Ed Kowalczyk- guitar, vocals
Chad Taylor- guitars
Patrick Dahlheimer- bass
Chad Gracey- drums
You guys have probably heard this album before. It's likely that a ton of people that grew up in this era of music own it: it catapulted Live, previously a loosely spiritual rock band that took a lot of U2's ethos and combined it with pretentious odes to Eastern philosophy, into the mainstream, and for good reason: this is one tight record. But this album has a lot of naysayers: for instance, it was unfortunate enough to suffer from what would later be called Creed's Career Crippling Syndrome, in that the major singles off this album (especially "Lightning Crashes") became so overplayed as to become almost parasitical entities that refused to remove itself from either the radio or its listener's ears and heads. As such, the immensely effective lyrical and instrumental decisions and sounds that are all over this album tend to get overlooked, because so many people have heard the songs that they haven't really listened to them carefully in a long time.
I didn't grow up in 1994. I was eight years old at the time: therefore, these songs resonated with vague familiarity when I listened to the album for the first time in 2001. And when I paid more close attention to these songs that I had heard so much of before in the back of my mind, its greatness and sophistication surprised me.
Not that Live are über-musicians. The album retains in many ways the basic tenets of the post-grunge alt-rock scene: a typical pop-song structure centered around a nearly-always dirty guitar, simple drums, and highly emotive (and occaisionally overwrought) lyrics. The guitar solos are few, melodic, and just about the most un-technically demanding things a beginner could play. This album doesn't come as a surprise to the people who constantly say that none of these people could play. The Dream Theater of post-grunge they are not.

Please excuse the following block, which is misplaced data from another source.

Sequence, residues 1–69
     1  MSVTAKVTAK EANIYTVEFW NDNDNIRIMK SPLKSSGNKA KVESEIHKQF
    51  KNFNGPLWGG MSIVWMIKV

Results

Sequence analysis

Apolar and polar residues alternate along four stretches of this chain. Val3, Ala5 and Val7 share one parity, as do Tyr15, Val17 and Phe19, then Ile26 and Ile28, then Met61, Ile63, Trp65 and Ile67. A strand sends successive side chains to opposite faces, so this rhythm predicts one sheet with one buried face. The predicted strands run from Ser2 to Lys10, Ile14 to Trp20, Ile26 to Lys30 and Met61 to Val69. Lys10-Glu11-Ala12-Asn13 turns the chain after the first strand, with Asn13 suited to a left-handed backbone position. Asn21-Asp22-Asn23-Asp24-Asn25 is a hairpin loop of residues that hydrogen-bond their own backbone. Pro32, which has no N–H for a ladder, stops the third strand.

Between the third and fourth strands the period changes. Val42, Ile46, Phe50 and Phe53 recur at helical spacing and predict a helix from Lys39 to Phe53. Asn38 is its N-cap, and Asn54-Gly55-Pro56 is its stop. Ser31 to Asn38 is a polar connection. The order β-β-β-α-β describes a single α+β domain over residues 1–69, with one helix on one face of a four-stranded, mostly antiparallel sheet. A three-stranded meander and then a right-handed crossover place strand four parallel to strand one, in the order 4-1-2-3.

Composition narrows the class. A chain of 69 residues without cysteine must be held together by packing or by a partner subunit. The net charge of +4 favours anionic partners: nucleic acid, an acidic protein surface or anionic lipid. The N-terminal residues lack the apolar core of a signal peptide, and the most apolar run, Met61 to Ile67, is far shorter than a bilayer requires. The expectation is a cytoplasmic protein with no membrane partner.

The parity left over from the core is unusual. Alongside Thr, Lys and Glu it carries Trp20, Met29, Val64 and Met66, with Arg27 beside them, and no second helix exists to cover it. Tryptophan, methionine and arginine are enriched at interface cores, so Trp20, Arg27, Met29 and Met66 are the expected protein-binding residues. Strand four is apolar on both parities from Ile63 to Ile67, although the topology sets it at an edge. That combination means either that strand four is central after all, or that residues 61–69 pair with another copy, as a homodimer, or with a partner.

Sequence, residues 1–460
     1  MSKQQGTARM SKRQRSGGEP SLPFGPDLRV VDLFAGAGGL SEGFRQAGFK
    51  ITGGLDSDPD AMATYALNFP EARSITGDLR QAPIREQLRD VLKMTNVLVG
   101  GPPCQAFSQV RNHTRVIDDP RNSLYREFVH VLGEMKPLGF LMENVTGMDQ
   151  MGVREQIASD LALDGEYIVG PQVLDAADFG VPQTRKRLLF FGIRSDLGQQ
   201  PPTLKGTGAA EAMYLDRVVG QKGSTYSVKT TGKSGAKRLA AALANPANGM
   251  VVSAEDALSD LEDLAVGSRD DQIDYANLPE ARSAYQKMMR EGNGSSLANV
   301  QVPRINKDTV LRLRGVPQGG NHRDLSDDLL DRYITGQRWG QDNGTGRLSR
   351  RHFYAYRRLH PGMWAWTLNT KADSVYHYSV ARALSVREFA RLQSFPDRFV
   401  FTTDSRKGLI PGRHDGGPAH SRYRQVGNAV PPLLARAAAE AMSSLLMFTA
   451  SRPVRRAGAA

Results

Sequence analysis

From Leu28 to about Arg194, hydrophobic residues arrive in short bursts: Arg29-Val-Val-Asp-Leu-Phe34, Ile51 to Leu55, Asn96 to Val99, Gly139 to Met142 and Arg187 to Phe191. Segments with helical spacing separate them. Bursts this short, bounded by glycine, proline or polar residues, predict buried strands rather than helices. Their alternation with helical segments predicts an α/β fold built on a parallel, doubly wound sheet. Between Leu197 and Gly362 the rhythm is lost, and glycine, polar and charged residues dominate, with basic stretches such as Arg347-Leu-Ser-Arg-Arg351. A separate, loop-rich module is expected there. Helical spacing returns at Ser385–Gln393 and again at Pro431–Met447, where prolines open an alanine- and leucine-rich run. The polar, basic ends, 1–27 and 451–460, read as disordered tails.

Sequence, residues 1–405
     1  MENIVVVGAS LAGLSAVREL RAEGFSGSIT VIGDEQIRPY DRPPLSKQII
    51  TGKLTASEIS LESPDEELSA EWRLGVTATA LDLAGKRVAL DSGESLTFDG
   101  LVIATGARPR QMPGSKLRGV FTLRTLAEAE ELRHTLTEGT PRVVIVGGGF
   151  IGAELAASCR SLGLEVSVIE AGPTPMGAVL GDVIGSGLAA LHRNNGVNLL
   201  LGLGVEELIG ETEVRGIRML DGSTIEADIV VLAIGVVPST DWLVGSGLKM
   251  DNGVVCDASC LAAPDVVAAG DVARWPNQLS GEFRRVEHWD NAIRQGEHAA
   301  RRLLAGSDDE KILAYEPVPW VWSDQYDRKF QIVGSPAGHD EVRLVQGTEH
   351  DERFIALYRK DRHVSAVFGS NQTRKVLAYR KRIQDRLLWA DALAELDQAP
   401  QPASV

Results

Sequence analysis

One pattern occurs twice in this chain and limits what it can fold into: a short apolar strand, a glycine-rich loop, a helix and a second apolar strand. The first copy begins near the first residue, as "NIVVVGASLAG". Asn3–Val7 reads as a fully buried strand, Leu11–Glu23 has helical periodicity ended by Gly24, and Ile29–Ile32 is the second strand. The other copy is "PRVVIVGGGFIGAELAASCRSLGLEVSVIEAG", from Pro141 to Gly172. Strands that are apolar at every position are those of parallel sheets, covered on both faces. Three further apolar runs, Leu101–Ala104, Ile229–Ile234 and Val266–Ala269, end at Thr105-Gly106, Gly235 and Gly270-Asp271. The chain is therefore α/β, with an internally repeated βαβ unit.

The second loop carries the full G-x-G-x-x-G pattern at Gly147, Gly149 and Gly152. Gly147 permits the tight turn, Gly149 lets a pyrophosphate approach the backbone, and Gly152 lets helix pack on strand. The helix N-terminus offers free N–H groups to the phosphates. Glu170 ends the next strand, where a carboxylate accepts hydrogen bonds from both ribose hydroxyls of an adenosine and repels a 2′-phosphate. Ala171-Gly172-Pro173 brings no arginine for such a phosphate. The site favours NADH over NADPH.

And yet this album is incredibly effective and compositionally strong, so much so that the talent of the collective is astounding when you consider how simple the pieces are. And that has a lot to do with three things:
1.) Kowalczyk's lyrics. Panned regularly as a Bono wannabe, he manages to create extremely evocative images through his poetry, and in some instances (like the opening track) it lends an almost progressive feel to the songs. Kowalczyk seems fond of telling stories with his lyrics, rather than simply running with a single emotion and crying about it for four minutes. "Throwing Copper," though it's never marketed as such, is essentially an album of concept songs: more than six paint very specific images in your mind with discernable events, characters, and conclusions, almost as though you were watching it unfold like a movie or in a book. They all speak about working-class mentalities and visions, but it rarely seems forced. U2 may be the call to arms against world injustice, but Kowalczyk doesn't try so hard, content merely to chronicle those injustices.
2.) Instrumentally, the band is less than impressive, except for one member: Pat Dahlheimer is an incredibly inventive bassist for the music he's working with. His bass skills lend a somber, busy element to Live's music that would otherwise be lost: in a few instances, the bass even plays the main melody or riff to the song. His tone is fantastic, a resonant, clear tone that contrasts wonderfully with Kowalczyk's and Chad's feedback-drenched guitars.
3.) Speaking of those guitars, they are layered in an extremely dramatic way. This is one area where U2 comparisons are justified: even then, the two players manage to make it their own. Instead of relying on complex delays and effects like the Edge, they use distortion and feedback and create very interesting ambient soundscapes. In that sense, the guitars aren't even really used as instruments: the bass carries the melody as the two guitars spiral off into heavy noisemaking and feedback singing. In the context of Live's musical mission, this adds a heavy dose of drama and sophistication that adds a ton of texture.
Here's the track-by-track:
1.) The Dam at Otter Creek
An interesting opener, to say the least. Opening with fuzzy organ and a bluesy minor-key fingerstyle guitar, Kowalczyk's voice comes in with some of the darkest poetry I've heard from a band of Live's type, and showcases the "concept song" mentality of the album.
"When all there's left to do
Is reflect on what's been done
This is where sadness breathes
The sadness of everyone.
Just like when the guys
Built the dam at Otter Creek and all the water backed up
Deep enough to dive."